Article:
Gov. Mark Dayton vetoed a bill Thursday that would have exempted older adults who work for the state on a short-term basis from being considered public employees.
Every year, the state hires a small army of college interns, seasonal workers and other employees who work for fewer than 100 days at a stretch.
Short-timers under the age of 22 are not classified as public employees – a status that offers benefits, collective bargaining rights and other union protections.
The bill, sponsored by Sen. Claire Robling, R-Jordan, would have extended that exemption to seasonal employees of all ages. It would have affected temporary workers in state agencies, schools and municipal governments.
In a statement about the veto, Dayton argued that there are valid reasons for offering older workers the benefits that come with the public employee classification – including vacation, sick days, overtime and, most importantly, healthcare.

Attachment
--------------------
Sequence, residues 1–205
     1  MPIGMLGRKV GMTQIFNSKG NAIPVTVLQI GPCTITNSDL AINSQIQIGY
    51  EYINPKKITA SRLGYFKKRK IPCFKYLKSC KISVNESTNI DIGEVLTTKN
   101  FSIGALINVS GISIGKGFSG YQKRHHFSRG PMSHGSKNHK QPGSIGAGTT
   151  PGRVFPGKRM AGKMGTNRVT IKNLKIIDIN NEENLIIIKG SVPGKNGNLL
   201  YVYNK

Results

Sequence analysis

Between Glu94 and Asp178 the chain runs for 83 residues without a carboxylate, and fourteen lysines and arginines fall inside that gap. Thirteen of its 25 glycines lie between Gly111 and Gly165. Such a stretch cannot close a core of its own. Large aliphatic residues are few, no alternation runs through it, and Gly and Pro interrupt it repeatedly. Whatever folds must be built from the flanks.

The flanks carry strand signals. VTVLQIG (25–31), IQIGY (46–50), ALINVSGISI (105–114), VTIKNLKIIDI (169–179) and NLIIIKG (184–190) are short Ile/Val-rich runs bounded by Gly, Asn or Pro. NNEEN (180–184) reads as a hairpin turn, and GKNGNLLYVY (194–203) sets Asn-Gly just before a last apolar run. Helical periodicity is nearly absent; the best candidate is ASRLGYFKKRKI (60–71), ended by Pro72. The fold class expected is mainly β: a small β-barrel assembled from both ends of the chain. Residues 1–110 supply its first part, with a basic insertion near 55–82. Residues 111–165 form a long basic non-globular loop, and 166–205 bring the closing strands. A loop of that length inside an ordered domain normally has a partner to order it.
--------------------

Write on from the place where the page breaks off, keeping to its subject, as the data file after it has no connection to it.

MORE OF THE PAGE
“This bill puts in jeopardy adults who happen to be in school but work temporary or seasonal jobs,” Dayton said in his statement. “They would find themselves without insurance, benefits and other protections afforded other employees.”
The bill passed the House last year and the Senate earlier this week, over Democratic objections. We have a call in to Robling for a response to the veto.
More from Star Tribune
More From Hot Dish Politics
The governor said he would advise the Trump administration against using Guard troops in Minnesota, if ordered.
The bill extends the bonding authority of the state's Rural Finance Authority.
Rep. Ellison sews up DNC delegates in five states
The letter, signed by lawmakers, lobbyists and prominent DFL activists, makes the case that the DFL is on the precipice of what it calls a disaster -- becoming Wisconsin.
The bill would subject the Legislature to provisions of the state public records law from which it is currently exempt.